Late-onset 21-hydroxylase deficiency mimicking idiopathic hirsutism or polycystic ovarian disease. An allelic variant of congenital virilizing adrenal hyperplasia with a milder enzymatic defect

G. P. Chrousos, Donald (Lynn) Loriaux, D. L. Mann, G. B. Cutler

Research output: Contribution to journalArticle

107 Citations (Scopus)

Abstract

The importance of late-onset congenital adrenal hyperplasia as a cause of hirsutism is controversial. Two of 35 women with a chief complaint of hirsutism met the criteria of 21-hydroxylase deficiency. In one, who presented with hirsutism, oligomenorrhea, obesity, infertility, and enlarged cystic ovaries, the initial diagnosis was polycystic ovarian syndrome. Family data showed that her disorder was autosomal recessive and linked to the histocompatibility leukocyte antigens (HLA), as in the classic form of congenital adrenal hyperplasia. Carriers were thus detectable by HLA typing. Thus late-onset congenital adrenal hyperplasia appears to be an allelic variant of congenital virilizing adrenal hyperplasia with a milder enzymatic defect. The diagnosis cannot be made clinically because the disease has the same presentation as idiopathic hirsutism or polycystic ovarian disease. Basal plasma 17-hydroxyprogesterone levels, unlike in classic congenital adrenal hyperplasia, can be normal, and an ACTH stimulation test or sequential measurements of plasma 17-hydroxyprogesterone throughout the day may be needed to show the abnormality. The incidence among hirsute women is estimated to be 6% to 12%, and the calculated gene frequency for the allele coding for attenuated expression of 21-hydroxylase deficiency is 0.015 to 0.057.

Original languageEnglish (US)
Pages (from-to)143-148
Number of pages6
JournalAnnals of Internal Medicine
Volume96
Issue number2
StatePublished - 1982
Externally publishedYes

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Ovarian Diseases
Congenital Adrenal Hyperplasia
Hirsutism
17-alpha-Hydroxyprogesterone
Histocompatibility Antigens
HLA Antigens
Oligomenorrhea
Polycystic Ovary Syndrome
Gene Frequency
Adrenocorticotropic Hormone
Infertility
Ovary
Obesity
Alleles
Congenital adrenal hyperplasia due to 21 hydroxylase deficiency
Incidence

ASJC Scopus subject areas

  • Medicine(all)

Cite this

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title = "Late-onset 21-hydroxylase deficiency mimicking idiopathic hirsutism or polycystic ovarian disease. An allelic variant of congenital virilizing adrenal hyperplasia with a milder enzymatic defect",
abstract = "The importance of late-onset congenital adrenal hyperplasia as a cause of hirsutism is controversial. Two of 35 women with a chief complaint of hirsutism met the criteria of 21-hydroxylase deficiency. In one, who presented with hirsutism, oligomenorrhea, obesity, infertility, and enlarged cystic ovaries, the initial diagnosis was polycystic ovarian syndrome. Family data showed that her disorder was autosomal recessive and linked to the histocompatibility leukocyte antigens (HLA), as in the classic form of congenital adrenal hyperplasia. Carriers were thus detectable by HLA typing. Thus late-onset congenital adrenal hyperplasia appears to be an allelic variant of congenital virilizing adrenal hyperplasia with a milder enzymatic defect. The diagnosis cannot be made clinically because the disease has the same presentation as idiopathic hirsutism or polycystic ovarian disease. Basal plasma 17-hydroxyprogesterone levels, unlike in classic congenital adrenal hyperplasia, can be normal, and an ACTH stimulation test or sequential measurements of plasma 17-hydroxyprogesterone throughout the day may be needed to show the abnormality. The incidence among hirsute women is estimated to be 6{\%} to 12{\%}, and the calculated gene frequency for the allele coding for attenuated expression of 21-hydroxylase deficiency is 0.015 to 0.057.",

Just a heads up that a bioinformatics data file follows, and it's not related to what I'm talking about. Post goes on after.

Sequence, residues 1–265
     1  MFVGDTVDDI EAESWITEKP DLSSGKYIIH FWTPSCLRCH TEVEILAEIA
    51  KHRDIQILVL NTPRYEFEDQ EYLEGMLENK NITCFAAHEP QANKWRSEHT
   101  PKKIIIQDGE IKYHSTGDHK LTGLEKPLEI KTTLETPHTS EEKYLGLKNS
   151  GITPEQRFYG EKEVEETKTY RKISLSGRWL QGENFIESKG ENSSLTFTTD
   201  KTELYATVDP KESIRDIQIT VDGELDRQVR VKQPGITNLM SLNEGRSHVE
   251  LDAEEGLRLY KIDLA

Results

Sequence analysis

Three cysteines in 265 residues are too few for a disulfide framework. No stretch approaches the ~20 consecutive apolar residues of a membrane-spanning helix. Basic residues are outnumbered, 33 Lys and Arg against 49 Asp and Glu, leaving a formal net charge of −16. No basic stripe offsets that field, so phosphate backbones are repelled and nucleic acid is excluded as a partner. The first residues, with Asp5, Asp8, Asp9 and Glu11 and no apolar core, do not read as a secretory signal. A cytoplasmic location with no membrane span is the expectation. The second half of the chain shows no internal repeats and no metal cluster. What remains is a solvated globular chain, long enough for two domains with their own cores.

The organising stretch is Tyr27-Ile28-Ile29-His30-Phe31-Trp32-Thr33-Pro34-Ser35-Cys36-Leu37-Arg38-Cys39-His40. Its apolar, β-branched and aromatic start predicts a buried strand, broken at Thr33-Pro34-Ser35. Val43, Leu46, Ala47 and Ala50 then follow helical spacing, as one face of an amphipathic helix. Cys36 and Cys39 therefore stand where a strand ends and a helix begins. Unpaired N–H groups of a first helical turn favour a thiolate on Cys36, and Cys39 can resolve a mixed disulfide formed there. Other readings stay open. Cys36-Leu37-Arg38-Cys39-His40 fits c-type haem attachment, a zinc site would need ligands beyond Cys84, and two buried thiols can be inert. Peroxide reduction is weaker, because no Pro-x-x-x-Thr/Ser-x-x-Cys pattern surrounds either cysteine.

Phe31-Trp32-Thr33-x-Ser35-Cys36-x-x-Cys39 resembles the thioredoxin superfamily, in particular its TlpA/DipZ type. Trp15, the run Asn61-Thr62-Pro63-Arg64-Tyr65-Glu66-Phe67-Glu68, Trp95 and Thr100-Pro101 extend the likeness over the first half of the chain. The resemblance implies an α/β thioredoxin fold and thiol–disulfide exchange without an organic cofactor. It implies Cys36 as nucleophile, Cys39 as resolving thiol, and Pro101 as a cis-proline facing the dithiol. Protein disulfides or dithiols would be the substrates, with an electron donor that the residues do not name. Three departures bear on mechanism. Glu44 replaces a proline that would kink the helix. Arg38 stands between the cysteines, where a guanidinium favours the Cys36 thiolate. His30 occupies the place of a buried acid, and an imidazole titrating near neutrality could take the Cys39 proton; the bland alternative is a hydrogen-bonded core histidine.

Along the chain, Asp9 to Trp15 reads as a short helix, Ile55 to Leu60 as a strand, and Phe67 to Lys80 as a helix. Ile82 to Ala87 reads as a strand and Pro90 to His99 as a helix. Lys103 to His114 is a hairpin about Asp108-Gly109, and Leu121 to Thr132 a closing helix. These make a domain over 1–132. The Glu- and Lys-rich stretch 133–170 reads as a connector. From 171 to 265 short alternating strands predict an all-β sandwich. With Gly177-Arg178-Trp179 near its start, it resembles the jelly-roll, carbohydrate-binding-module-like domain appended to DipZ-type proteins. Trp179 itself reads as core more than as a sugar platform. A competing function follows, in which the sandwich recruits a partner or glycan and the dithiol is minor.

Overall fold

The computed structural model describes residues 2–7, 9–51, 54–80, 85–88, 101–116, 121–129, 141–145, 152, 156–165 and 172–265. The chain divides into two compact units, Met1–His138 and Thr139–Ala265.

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AU - Mann, D. L.

AU - Cutler, G. B.

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AB - The importance of late-onset congenital adrenal hyperplasia as a cause of hirsutism is controversial. Two of 35 women with a chief complaint of hirsutism met the criteria of 21-hydroxylase deficiency. In one, who presented with hirsutism, oligomenorrhea, obesity, infertility, and enlarged cystic ovaries, the initial diagnosis was polycystic ovarian syndrome. Family data showed that her disorder was autosomal recessive and linked to the histocompatibility leukocyte antigens (HLA), as in the classic form of congenital adrenal hyperplasia. Carriers were thus detectable by HLA typing. Thus late-onset congenital adrenal hyperplasia appears to be an allelic variant of congenital virilizing adrenal hyperplasia with a milder enzymatic defect. The diagnosis cannot be made clinically because the disease has the same presentation as idiopathic hirsutism or polycystic ovarian disease. Basal plasma 17-hydroxyprogesterone levels, unlike in classic congenital adrenal hyperplasia, can be normal, and an ACTH stimulation test or sequential measurements of plasma 17-hydroxyprogesterone throughout the day may be needed to show the abnormality. The incidence among hirsute women is estimated to be 6% to 12%, and the calculated gene frequency for the allele coding for attenuated expression of 21-hydroxylase deficiency is 0.015 to 0.057.

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